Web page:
Trump Lawyer’s Porn Star Payoff Could Have Broken the Law. But It Might Not Matter


Campaign finance experts say that a payment to porn star Stormy Daniels arranged by Donald Trump’s personal lawyer could have broken the law, but it’s unlikely that it will lead to any legal consequences.

Trump’s longtime personal attorney, Michael Cohen, conceded Tuesday night that he arranged for the adult film star — whose birth name is Stephanie Clifford — to receive $130,000 just weeks before the 2016 election, but he argued the payment was lawful and was never reimbursed by the Trump Organization or the campaign.

“In a private transaction in 2016, I used my own personal funds to facilitate a payment of $130,000 to Ms. Stephanie Clifford,” Cohen said in a statement, which was first reported by the New York Times. “Neither the Trump Organization nor the Trump campaign was a party to the transaction with Ms. Clifford, and neither reimbursed me for the payment, either directly or indirectly. The payment to Ms. Clifford was lawful, and was not a campaign contribution or a campaign expenditure by anyone.”

Before the payment, Daniels told reporters from In Touch magazine and Slate that she’d had an affair with Trump in 2006, but she did not go public before the election. Cohen has maintained that Trump did not have an affair with Daniels but that he paid her anyway.

Experts say that the payment could still be considered a violation because there is a strong argument that it was an unreported “in-kind contribution” — money that directly benefits the campaign even if it does not go into its coffers, in the same way that a building owner allowing free use of a meeting space would have to be reported.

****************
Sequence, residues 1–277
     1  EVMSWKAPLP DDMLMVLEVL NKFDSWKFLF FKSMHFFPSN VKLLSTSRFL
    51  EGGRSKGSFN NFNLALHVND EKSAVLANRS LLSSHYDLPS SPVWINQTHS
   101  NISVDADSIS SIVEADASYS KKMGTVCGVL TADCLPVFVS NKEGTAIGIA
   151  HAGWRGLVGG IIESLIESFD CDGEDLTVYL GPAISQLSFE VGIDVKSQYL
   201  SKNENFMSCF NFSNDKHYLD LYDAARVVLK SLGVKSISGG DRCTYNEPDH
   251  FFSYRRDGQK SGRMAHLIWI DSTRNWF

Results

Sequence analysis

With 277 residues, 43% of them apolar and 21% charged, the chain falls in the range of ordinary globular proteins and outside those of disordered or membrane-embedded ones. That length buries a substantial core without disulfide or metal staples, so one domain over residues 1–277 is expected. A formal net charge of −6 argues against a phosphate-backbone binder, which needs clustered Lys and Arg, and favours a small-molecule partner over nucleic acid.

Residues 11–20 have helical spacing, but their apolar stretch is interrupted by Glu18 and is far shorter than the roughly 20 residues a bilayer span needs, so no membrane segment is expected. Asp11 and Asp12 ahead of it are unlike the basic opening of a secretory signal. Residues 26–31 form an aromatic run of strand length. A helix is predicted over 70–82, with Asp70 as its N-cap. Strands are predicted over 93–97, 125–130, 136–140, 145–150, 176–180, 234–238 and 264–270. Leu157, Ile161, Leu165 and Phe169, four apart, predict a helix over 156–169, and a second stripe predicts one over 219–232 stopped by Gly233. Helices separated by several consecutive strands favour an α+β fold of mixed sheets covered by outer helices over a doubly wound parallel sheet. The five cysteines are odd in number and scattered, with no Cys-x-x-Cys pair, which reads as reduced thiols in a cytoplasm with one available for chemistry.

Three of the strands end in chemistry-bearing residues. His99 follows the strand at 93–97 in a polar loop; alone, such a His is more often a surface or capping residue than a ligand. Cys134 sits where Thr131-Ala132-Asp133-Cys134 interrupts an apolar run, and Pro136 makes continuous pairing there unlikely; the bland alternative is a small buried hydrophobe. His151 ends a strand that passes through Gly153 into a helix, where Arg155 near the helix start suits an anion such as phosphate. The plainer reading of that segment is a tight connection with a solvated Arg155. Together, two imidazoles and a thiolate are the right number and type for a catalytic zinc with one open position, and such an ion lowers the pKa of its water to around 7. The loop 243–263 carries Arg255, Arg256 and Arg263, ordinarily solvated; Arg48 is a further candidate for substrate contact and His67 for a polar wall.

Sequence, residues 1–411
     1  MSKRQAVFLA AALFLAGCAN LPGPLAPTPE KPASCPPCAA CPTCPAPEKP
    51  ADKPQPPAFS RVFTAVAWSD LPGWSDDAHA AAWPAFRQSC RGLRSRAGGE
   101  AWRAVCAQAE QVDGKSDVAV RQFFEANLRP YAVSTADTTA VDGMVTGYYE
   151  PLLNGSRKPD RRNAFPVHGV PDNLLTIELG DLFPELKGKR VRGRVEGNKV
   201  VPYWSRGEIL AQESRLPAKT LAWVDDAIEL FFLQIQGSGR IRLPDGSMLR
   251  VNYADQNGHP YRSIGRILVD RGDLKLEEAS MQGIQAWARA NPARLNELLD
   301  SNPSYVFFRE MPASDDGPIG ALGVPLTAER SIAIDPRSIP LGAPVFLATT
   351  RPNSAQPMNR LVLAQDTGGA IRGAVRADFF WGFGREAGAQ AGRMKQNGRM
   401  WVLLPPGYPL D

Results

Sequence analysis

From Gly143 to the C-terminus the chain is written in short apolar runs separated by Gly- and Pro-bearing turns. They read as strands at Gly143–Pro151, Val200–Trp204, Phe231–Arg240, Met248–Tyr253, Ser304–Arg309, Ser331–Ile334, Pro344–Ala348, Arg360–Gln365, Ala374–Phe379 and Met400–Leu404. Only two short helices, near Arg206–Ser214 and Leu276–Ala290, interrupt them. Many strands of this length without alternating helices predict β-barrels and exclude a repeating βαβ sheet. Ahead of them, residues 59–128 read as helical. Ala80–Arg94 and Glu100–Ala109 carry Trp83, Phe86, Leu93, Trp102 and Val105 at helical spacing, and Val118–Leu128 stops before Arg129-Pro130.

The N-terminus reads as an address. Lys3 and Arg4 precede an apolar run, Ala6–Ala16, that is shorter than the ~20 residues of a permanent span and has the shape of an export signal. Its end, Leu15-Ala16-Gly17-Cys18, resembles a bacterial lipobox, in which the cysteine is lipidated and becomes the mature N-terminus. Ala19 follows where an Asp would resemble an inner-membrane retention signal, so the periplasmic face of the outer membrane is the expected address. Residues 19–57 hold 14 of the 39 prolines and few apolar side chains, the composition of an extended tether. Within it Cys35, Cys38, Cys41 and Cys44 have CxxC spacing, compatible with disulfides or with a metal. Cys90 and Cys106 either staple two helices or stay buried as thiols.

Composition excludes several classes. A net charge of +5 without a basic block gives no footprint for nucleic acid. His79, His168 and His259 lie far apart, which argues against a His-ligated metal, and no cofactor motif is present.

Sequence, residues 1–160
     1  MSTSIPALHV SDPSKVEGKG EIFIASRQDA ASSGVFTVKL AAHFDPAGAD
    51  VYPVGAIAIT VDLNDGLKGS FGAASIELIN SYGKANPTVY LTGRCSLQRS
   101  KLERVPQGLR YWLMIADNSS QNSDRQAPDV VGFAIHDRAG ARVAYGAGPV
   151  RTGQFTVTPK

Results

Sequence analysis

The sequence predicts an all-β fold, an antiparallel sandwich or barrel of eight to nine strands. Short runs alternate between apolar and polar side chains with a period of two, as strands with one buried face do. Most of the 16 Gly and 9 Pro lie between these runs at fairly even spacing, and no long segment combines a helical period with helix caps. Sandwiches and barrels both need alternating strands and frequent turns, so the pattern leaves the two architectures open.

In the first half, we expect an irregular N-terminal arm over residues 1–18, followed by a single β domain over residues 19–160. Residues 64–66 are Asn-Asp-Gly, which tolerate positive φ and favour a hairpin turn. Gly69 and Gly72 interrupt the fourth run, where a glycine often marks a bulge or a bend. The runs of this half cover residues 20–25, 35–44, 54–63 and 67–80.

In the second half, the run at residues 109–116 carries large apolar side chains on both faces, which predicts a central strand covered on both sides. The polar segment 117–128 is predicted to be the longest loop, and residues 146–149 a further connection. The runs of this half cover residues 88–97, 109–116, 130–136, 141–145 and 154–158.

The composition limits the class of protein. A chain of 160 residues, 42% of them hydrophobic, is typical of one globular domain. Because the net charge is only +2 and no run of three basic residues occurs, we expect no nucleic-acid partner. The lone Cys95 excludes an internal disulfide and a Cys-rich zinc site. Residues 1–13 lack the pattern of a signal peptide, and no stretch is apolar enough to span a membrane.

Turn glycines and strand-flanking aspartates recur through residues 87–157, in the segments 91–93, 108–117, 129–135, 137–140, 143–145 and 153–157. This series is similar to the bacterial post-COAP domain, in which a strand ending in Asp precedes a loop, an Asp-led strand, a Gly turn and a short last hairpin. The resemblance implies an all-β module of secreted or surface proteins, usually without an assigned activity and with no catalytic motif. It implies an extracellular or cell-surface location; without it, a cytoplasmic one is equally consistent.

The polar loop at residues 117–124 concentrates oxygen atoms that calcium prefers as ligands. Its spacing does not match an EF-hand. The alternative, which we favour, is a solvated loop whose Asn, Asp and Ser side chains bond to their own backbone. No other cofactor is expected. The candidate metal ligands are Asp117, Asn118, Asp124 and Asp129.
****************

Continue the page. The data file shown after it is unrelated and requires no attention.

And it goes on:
If the FEC deemed the payment an in-kind contribution, it would be in violation of campaign finance laws for exceeding the maximum amount of $2,700 and for not being disclosed by the Trump campaign. That’s the argument being made by Common Cause, which filed a complaint after the Wall Street Journal reported on the payment calling for the FEC and the Department of Justice to investigate it.

“If [the payment] was money to keep damaging information out of the news cycle at a pivotal point in the election … we’re well within the realm of possible violations, specifically an excessive in-kind campaign contribution that was not reported and shared then,” said Stephen Spaulding, a strategist at Common Cause and a former attorney with the Federal Election Commission.

Cohen’s statement, which came in response to the Common Cause filing, may have already had an effect, however. Daniels’ manager, Gina Rodriguez, told the Associated Press on Tuesday that Cohen’s acknowledgement of the payment invalidated the non-disclosure agreement, enabling her to tell her story publicly.

Common Cause is not the only group that thinks the payment could have been a violation. Brendan Fischer, the Federal & FEC Reform Program Director at the Campaign Legal Center, had a similar opinion.

“The fact that this came one month before the election means there is strong evidence that …read more

Source:: Time – Politics

      

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